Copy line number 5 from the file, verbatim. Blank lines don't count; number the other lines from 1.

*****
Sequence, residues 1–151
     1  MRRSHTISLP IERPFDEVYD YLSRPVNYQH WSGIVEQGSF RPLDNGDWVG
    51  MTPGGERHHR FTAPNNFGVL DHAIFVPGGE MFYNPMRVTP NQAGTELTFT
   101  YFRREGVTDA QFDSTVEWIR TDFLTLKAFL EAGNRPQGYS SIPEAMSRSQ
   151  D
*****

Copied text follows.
   151  D